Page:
Consolidating property tax administration. Pennsylvanians receive separate property tax bills from counties, municipalities, and school districts, and the state lacks a uniform filing deadline. The state legislature should consolidate collections at the county level and adopt a uniform filing deadline statewide. Policymakers should also explore ways to consolidate the property tax codes under which different jurisdictions operate.

Repealing the inheritance taxAn inheritance tax is levied upon an individual’s estate at death or upon the assets transferred from the decedent’s estate to their heirs. Unlike estate taxes, inheritance tax exemptions apply to the size of the gift rather than the size of the estate. . Inheritance and estate taxAn estate tax is imposed on the net value of an individual’s taxable estate, after any exclusions or credits, at the time of death. The tax is paid by the estate itself before assets are distributed to heirs. es are becoming less and less common nationwide, as they promote costly tax avoidance strategies and can be uniquely burdensome to small businesses, which may have to be broken up to pay the resulting tax bill. Pennsylvania’s inheritance tax is unusually broad, which makes it uniquely burdensome but also makes it harder to replace, or do without, the revenue it brings in, but policymakers should at least explore rate reductions or exemptions to mitigate its adverse economic effects.

Comprehensive Reform

Most of our proposals are intended to stand on their own, providing policymakers with discrete ways of improving the competitiveness of each element of the state’s tax code. Often, however, successful tax reform is more comprehensive in nature, which is not only good policy but often good politics, including additional stakeholders and facilitating a broader rebalancing of the code.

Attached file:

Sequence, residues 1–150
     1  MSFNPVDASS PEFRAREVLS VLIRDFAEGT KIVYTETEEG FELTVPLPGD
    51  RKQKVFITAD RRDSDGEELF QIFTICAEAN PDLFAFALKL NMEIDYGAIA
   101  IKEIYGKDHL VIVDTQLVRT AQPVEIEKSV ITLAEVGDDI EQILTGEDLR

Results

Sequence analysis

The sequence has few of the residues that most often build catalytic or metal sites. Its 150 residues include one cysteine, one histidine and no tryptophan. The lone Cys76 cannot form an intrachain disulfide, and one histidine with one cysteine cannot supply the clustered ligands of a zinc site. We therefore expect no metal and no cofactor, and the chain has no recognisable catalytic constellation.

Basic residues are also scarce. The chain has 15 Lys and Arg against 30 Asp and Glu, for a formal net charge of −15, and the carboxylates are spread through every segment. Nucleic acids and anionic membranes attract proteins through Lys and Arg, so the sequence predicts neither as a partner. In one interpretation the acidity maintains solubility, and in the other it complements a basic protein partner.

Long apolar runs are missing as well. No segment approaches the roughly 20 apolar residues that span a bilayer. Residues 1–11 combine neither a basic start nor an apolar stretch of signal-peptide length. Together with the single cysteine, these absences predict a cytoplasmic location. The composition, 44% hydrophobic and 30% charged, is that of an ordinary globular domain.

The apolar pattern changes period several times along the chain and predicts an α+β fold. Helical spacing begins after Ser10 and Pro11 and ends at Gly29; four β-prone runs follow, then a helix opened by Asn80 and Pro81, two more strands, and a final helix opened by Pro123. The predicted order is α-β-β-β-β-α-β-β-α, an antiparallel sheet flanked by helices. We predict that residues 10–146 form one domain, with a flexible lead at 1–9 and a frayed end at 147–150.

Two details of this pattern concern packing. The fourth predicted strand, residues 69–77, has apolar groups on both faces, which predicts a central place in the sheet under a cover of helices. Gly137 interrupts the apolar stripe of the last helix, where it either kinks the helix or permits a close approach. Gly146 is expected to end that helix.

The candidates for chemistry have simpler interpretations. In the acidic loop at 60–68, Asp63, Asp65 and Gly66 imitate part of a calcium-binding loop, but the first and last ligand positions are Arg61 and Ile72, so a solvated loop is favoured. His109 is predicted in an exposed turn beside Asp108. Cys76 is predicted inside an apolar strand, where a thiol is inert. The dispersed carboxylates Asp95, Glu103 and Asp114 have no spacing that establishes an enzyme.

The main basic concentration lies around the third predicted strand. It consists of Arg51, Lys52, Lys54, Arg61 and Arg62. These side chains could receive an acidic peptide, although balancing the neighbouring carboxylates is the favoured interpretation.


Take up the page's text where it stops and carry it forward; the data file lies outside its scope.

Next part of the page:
In some cases, moreover, it may be strictly necessary: reduced reliance on a counterproductive tax may require offsets elsewhere in the system. Therefore, while we intend this book to facilitate important conversations about priorities within each tax type, it is also important to illustrate the ways that they can complement each other.

Local governments, for instance, could be empowered to eliminate nuisance taxes through a broader local income tax base and, in the two counties with local option sales taxes, a broader sales tax base which extends to more services and perhaps captures additional remote sales. Modernizing the property tax would also help alleviate local revenue pressures. At the state level, broadening the sales tax base, coupled with scaling back exemptions in the Personal Income Tax, could facilitate structural improvements to, and reduced rates in, both taxes, and also pay down important corporate tax reforms.

For illustrative purposes, consider the following package of comprehensive reforms. Because Pennsylvania’s tax code is highly anomalous, some of its less competitive features are not captured in our State Business Tax Climate Index. Similarly, recent adverse developments like the disallowance of all depreciationDepreciation is a measurement of the “useful life” of a business asset, such as machinery or a factory, to determine the multiyear period over which the cost of that asset can be deducted from taxable income. Instead of allowing businesses to deduct the cost of investments immediately (i.e., full expensing), depreciation requires deductions to be taken over time, reducing their value and discouraging investment. of machinery and equipment investments are not yet captured in the Index and can be expected to hurt Pennsylvania’s rank in the next edition if left unaddressed. Nevertheless, we offer a projection of how the Commonwealth would improve on the Index for those elements which contribute to the state’s rank. The illustrative comprehensive reform package includes: